Bringing together researchers, practitioners and policy makers working with migrants, refugees and asylum seekers in Scotland
The Arts and Humanities Research Council Translating Cultures Programme has announced the award of one of its three large grants of £2 Million to the project, Researching Multilingually, lead by Professor Alison Phipps, University of Glasgow, GRAMNet. The project runs for 3 years, starting 1st April, 2014.
The project has two overarching aims:
1) to research interpreting, translation and multilingual practices in challenging contexts, and,
2) while doing so, to evaluate appropriate research methods (traditional and arts based) and develop theoretical approaches for this type of academic exploration.
An international team of researchers with different disciplinary backgrounds, research experiences, different languages and performance skills will conduct international comparative research on translation and interpretation at different kinds of border in order to develop theory, ethical research practices and research methodologies in relation to multilingual research.
Researchers Dr Prue Holmes from Durham University, Dr Richard Fay University of Manchester, Dr Jane Andrews, University of the West of England, Dr Karin Zwaan, Radboud University, Nijmegen, The Netherlands, Dr David Gramling and Dr Chantelle Warner, University of Arizona, U.S.A., Dr Nazmi Al Masri, Islamic University Gaza, and Dr Robert Gibb, Sarah Craig and Dr Ross White from the University of Glasgow will come together with artists from Pan African Arts Scotland to work on five original case studies and to consider the methods and modes of representation of multilingual research experience. They will be joined by postdoctoral researchers Dr Mariam Attia and Dr Katja Frimberger.
As well as investigating five unique case studies in law, mental health, on the borders of Romania and Bulgaria, in rural Arizona and in the Gaza Strip, the researchers will consider the different methodologies in play when multilingual research is undertaken from different disciplinary perspectives. Through Pan African Arts Scotland they will also work with the arts as a language of research and representation of those aspects which are unsayable, with a final artistic production being developed drawing together the themes of the research, working with Tawona Sithole, artist and playwright.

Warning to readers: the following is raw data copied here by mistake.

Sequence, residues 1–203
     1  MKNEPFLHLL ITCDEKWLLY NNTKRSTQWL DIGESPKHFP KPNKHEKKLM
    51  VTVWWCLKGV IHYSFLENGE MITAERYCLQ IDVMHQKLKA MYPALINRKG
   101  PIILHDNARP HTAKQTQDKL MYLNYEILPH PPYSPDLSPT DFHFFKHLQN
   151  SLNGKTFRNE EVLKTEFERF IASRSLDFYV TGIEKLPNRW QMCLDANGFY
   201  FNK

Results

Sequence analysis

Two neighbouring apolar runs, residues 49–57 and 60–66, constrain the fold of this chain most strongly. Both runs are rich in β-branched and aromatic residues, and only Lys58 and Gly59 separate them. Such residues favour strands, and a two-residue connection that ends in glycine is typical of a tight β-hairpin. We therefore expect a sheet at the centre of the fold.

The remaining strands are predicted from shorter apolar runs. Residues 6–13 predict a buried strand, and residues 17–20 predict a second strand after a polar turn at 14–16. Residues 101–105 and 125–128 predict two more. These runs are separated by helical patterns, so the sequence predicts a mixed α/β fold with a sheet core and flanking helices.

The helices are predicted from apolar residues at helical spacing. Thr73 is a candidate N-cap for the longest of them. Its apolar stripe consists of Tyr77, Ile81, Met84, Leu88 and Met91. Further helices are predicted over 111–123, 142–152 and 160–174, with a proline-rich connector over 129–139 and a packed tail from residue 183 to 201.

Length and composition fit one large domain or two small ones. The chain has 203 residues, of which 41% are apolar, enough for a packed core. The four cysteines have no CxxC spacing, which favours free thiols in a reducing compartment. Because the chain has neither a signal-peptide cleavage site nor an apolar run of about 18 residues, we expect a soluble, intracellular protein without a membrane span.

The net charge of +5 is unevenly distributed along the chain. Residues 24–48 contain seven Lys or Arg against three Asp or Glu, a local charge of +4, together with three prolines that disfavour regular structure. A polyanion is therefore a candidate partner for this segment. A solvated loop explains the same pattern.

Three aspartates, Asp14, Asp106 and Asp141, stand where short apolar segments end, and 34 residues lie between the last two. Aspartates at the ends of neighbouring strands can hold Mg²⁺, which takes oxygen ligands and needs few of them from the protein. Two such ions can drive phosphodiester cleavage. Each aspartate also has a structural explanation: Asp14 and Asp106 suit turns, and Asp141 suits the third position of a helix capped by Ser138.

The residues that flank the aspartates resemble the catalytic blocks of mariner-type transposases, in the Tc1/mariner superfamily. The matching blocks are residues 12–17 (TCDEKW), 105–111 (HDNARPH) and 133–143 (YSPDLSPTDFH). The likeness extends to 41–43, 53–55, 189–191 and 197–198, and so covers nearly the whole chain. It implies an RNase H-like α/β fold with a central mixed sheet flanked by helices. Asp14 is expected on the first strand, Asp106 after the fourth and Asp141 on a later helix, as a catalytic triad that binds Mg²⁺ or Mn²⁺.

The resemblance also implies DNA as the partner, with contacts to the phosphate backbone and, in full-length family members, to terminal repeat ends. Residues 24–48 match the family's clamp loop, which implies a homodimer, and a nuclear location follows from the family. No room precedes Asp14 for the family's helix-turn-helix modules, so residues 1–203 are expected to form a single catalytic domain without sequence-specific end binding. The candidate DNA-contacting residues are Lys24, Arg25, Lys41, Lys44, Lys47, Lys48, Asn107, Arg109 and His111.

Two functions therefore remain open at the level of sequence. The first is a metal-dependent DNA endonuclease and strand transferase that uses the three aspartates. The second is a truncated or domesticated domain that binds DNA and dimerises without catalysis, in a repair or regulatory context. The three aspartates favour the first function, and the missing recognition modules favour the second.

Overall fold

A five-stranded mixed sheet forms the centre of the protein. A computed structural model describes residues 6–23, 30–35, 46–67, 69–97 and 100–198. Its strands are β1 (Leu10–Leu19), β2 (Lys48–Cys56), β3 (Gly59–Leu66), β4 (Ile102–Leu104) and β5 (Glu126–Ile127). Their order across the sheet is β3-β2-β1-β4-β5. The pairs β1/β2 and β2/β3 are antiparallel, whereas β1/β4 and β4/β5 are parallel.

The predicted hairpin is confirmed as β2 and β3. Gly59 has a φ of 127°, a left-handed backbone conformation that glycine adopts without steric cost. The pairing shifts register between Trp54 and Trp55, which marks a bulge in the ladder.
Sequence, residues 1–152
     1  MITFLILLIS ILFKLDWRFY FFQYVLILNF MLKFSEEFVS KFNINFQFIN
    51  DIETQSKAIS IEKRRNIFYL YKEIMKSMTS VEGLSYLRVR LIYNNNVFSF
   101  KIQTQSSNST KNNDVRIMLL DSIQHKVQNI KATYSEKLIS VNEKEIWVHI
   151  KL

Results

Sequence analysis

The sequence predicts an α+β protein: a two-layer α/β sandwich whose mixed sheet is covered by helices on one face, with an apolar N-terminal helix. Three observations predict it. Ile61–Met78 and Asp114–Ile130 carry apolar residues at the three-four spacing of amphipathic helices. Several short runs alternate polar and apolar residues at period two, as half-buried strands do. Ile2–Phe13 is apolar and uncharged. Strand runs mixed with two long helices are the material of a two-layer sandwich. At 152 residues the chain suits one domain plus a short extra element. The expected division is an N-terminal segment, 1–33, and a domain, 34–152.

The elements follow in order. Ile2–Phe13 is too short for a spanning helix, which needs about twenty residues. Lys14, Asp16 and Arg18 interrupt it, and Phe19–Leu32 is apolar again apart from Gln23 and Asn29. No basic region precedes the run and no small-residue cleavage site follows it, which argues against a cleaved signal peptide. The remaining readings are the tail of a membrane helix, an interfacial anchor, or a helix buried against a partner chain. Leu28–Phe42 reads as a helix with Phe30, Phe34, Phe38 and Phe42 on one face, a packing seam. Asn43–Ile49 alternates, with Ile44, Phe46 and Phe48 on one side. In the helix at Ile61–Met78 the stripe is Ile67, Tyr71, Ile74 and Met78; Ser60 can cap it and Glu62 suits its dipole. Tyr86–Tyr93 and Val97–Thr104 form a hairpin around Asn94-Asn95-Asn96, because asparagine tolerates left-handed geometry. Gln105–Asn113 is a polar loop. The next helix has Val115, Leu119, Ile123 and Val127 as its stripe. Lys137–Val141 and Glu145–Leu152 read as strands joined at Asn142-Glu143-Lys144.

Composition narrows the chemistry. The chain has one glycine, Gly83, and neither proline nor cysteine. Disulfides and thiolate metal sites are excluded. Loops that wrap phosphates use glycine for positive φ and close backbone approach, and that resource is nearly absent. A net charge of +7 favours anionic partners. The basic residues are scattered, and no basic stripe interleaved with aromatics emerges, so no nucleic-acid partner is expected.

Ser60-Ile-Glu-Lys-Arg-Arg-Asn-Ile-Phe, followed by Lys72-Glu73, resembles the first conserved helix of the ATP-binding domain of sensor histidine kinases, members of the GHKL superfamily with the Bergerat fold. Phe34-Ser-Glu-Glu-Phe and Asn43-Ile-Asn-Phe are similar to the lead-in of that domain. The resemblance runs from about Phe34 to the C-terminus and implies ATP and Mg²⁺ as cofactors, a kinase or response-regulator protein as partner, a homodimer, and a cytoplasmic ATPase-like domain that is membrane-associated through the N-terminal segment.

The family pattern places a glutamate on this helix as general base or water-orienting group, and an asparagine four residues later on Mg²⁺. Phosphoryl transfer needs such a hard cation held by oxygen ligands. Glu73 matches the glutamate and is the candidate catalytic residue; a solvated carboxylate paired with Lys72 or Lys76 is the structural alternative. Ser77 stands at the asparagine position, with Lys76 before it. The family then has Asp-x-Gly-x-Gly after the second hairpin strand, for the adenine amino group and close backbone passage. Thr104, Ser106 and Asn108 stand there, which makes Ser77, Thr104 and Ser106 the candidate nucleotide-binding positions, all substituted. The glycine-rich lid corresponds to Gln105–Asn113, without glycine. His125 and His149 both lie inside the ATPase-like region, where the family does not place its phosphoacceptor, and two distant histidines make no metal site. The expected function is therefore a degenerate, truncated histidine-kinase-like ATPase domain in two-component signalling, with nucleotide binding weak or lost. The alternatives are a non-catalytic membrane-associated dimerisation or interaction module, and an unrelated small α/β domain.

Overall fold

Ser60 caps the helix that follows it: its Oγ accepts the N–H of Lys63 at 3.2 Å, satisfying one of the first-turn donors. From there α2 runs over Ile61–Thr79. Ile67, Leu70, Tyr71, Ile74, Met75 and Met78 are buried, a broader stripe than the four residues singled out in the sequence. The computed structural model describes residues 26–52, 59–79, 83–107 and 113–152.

The new project draws on the Researching Multilingually network grant, and the Translation and Asylum Claims network grant both also previously funded under the Translating Cultures theme. It also builds on work undertaken through the TEMPUS project Life Long Learning in Palestine, through the AHRC-SFC ‘Healthier Scotland’ project and through the AHRC’s previous Diasporas, Identities and Migration programme. It also works in collaboration with project partners, Creative Scotland and The Scottish Refugee Council as well as many NGO and policy organisations working in the field.
Theme Leadership Fellow for Translating Cultures, Professor Charles Forsdick commented “These three awards will expand and enhance the ambitious research already conducted under the ‘Translating Cultures’ theme. They will provide urgently needed contributions, from an Arts and Humanities perspective, to our understanding of some of the most pressing issues in the twenty-first-century world: multilingualism, mobility, and the crossing of borders. The aim in each project is to interrogate, analyse and demonstrate the central place of languages and culture in contemporary life, whether in localized contexts or in wider globalized frames. Central to each is an active engagement with a range of partners beyond academia, as well as collaboration with international networks of scholars. These projects will transform academic and public understanding of the theories and practices of translation and interpreting in innovative, exciting and, I anticipate, often unexpected ways.”
See AHRC news: Nine Large Grants announced under AHRC themes
See also the University of Glasgow announcement: £2 million awarded for ‘lost in translation’ research
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